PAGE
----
Seriously, give every chapter a generic title until you’ve written a full draft you’re proud of. Then consider what your table of contents should look like. Again, think about the reader’s journey. What’s a compelling title that makes sense for each chapter, but what makes your roadmap an adventure worth taking? (Clear also discusses this in the video above.)
Remember: if you’re bored, they’re bored.
When you’re rereading or editing your work and find yourself glossing over a section, that could be a sign to freshen that writing (or strike it altogether). If you think your familiarity with your work is coloring your assessment, get a beta reader. Don’t ask them if that specific section is boring, as that might bias them toward your opinion. Rather, ask them to read the full chapter and highlight any areas that bore them. (I’ve also found it helpful to ask them to identify confusing parts, as well as their favorite parts, but it can sometimes be more beneficial to have a beta reader only look for a specific issue you’re wrestling with.)
Vary your sentence length.
If you’ve read writing advice on the internet long enough, you’ve very likely seen this excellent example by Gary Provost of why varying your sentence length is essential to compelling writing. When you become complacent in your rhythm, you’ll sing your reader to sleep. Don’t. Do. That. Also, don’t do the one-word sentences. Seriously. : )
Make your characters interesting.
This is easier for novelists, but that doesn’t let nonfiction authors off the hook. We just have to work harder at it. One reason I play the Assassin’s Creed games so often is that their characters are interesting. I want to see and experience their world through their eyes. Are your characters—even if real-life people—so compelling?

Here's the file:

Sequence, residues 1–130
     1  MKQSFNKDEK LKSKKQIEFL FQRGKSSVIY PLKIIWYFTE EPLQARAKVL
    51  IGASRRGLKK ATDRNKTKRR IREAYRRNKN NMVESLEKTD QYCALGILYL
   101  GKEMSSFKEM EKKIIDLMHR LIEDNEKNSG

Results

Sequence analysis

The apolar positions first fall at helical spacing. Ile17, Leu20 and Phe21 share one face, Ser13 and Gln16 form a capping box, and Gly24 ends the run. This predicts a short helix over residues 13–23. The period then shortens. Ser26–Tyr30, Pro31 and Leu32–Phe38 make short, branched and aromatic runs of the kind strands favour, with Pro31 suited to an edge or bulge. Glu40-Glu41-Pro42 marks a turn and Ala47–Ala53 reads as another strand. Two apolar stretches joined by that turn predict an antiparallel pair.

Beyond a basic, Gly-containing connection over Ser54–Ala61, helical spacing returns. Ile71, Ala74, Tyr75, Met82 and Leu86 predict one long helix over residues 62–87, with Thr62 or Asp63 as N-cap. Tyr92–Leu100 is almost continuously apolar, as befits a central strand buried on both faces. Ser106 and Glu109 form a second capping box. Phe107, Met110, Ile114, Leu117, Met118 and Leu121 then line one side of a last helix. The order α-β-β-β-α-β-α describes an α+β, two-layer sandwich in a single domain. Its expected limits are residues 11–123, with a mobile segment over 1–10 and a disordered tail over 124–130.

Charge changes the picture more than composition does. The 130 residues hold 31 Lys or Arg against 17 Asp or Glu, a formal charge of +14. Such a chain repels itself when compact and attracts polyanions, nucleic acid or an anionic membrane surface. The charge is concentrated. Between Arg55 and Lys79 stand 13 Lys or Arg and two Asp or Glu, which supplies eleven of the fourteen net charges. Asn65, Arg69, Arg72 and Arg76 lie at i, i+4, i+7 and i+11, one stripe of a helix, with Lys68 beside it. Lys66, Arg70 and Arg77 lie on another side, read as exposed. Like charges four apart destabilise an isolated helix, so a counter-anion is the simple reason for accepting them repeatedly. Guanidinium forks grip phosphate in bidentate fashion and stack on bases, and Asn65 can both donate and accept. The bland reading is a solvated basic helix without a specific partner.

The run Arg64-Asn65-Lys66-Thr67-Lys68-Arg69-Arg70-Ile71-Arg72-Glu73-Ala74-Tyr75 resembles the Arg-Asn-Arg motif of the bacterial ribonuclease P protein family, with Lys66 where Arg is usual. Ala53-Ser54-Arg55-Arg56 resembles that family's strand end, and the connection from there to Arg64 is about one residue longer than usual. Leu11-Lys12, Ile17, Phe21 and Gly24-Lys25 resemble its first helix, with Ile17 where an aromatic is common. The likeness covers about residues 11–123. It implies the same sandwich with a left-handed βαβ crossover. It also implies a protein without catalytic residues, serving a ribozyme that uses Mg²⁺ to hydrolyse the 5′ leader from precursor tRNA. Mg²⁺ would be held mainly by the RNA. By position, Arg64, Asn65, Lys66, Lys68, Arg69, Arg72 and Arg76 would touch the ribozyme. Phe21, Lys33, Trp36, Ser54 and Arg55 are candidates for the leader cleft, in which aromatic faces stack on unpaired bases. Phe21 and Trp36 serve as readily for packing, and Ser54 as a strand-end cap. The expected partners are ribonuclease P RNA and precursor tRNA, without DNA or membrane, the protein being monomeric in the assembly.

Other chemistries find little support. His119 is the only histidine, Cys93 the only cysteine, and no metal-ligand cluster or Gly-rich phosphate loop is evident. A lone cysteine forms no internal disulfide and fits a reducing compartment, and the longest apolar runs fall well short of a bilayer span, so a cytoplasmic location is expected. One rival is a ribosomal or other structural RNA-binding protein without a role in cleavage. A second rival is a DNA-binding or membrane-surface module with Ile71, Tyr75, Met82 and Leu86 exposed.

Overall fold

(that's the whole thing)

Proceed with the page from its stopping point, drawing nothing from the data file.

Know your overarching story.
Go on your diatribes, discourses, and debates, but what’s the big story you’re telling? Do the diatribes still connect? Are you reminding the reader often enough about the stakes of your story?
Beware the passive voice.
Are we going back to high school English? Yes. Absolutely. Even if a reader isn’t cognitively aware that passive voice pervades your prose, they’ll feel it. There’s a reason it’s called active voice. If you want movement in your work, be active. For more on active voice vs. passive voice, seek wisdom from The Purdue Owl.
What would you add to this list?
How do you keep a reader interested and motivated to keep reading?
Just hit reply and let me know.
Lastly, how do you know when you’ve kept a reader’s attention?
They might just have exchanged their videogame controller for your book.
🔥 The best passage I read this week 🔥
Here, Marcus Aurelius describes the lessons he’s learned from those he knows. Editors have not changed in millennia.
“10. The Literary Critic Alexander
“Not to be constantly correcting people, and in particular not to jump on them whenever they make an error of usage or a grammatical mistake or mispronounce something, but just answer their question or add another example, or debate the issue itself (not their phrasing), or make some other contribution to the discussion—and insert the right expression, unobtrusively.”
—Marcus Aurelius, Meditations, 1.10
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Excellent, actionable advice for writing! Love the video game analogy too. I enjoy gaming but not on your (or my son’s) level. I like to let my mind wander and get the gratification from having the best darn farm. 😂